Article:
In the three-cornered appointment activity between the Bureau, the government and the bank concerned, there seems to be no space for RBI’s governance yardstick.

Ideas for RBI

Why can’t the RBI regulatorily mandate the NRCs of Bank boards to compulsorily shortlist the successor to a bank chief at least 6 months in advance?

And, in keeping with best practices adopted by global corporates, let the bank boards be tasked with an annual “sealed envelope” exercise to update RBI with a “drop-dead successor” to the current CEO.

Regulatory asymmetry 

The interim guidelines have been birthed with another genetic flaw: wiggle room for regulatory arbitrage. 

The tenure of the managing director and chief executive, or a WTD, who is also a promoter/major shareholder, has been limited to 12 years, compared with 15 for other chief executives or WTDs. However, the tenure can be extended to 15 years, “at the sole discretion of the Reserve Bank”.

This affords the central bank adequate regulatory latitude, where rules are open to interpretation and arbitrary decisions cannot be subjected to the litmus test of a rules-based governance framework, and consequently in a Court of Law.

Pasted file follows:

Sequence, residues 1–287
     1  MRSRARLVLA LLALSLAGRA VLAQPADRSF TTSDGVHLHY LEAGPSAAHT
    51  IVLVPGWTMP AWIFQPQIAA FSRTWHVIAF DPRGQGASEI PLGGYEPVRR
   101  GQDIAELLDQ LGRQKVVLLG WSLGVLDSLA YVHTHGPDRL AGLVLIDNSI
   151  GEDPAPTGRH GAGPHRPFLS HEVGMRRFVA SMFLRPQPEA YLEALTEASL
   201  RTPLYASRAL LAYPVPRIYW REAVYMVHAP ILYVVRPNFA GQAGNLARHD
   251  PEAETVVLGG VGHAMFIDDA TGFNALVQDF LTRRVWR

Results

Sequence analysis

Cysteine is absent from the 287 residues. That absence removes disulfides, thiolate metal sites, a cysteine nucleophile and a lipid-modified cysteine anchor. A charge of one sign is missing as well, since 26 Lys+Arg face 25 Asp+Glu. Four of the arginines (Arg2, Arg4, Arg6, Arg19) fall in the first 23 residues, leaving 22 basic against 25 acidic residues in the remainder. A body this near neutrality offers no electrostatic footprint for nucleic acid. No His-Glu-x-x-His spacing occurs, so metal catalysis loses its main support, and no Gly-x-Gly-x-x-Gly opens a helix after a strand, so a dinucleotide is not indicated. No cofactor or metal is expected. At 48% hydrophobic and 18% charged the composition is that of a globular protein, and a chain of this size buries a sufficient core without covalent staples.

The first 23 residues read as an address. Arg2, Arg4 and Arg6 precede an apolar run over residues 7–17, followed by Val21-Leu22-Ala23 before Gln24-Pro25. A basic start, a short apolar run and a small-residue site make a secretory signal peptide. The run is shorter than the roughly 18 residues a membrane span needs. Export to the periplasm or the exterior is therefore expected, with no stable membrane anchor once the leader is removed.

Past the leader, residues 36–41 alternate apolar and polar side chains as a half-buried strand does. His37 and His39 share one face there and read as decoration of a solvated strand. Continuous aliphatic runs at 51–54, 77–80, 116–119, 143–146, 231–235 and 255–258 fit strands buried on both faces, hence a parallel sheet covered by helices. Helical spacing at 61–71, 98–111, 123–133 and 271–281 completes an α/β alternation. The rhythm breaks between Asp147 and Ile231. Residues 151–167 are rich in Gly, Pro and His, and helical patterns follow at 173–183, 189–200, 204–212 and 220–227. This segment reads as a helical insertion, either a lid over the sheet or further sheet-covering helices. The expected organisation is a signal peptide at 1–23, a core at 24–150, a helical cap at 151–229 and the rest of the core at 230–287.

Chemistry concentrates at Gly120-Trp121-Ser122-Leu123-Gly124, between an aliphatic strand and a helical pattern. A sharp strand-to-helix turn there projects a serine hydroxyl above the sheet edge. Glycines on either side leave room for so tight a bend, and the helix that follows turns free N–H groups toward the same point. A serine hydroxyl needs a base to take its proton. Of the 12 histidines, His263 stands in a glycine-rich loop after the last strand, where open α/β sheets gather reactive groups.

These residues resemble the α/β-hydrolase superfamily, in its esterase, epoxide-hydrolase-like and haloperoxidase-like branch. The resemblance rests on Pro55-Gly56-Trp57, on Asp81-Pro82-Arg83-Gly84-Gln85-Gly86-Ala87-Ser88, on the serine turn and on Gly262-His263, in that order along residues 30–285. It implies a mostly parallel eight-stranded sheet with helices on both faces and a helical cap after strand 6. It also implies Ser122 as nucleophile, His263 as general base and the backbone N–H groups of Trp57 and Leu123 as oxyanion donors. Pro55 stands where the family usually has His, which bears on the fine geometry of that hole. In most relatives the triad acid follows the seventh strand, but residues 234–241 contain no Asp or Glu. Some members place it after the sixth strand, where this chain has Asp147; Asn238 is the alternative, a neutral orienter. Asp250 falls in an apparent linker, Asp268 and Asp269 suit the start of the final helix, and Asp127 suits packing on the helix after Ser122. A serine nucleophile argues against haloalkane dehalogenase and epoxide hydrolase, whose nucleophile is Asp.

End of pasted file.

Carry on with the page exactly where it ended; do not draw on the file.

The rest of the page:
In the one specific factor that RBI catalogues -- the dilution of promoter shareholding over time will be a factor in considering the tenure extension from 12 to 15 years – there are no unambiguous milestones, leaving RBI free again to interpret what is the right “level of progress”. This arbitrariness should not be cause for any accusation of partiality towards any specific bank promoter-CEO in the next few years. 

Any such fluidity of regulations detracts from the RBI’s avowed principle of vesting bank boards with more responsibility and initiative. Especially when it needs to demonstrate more of it now.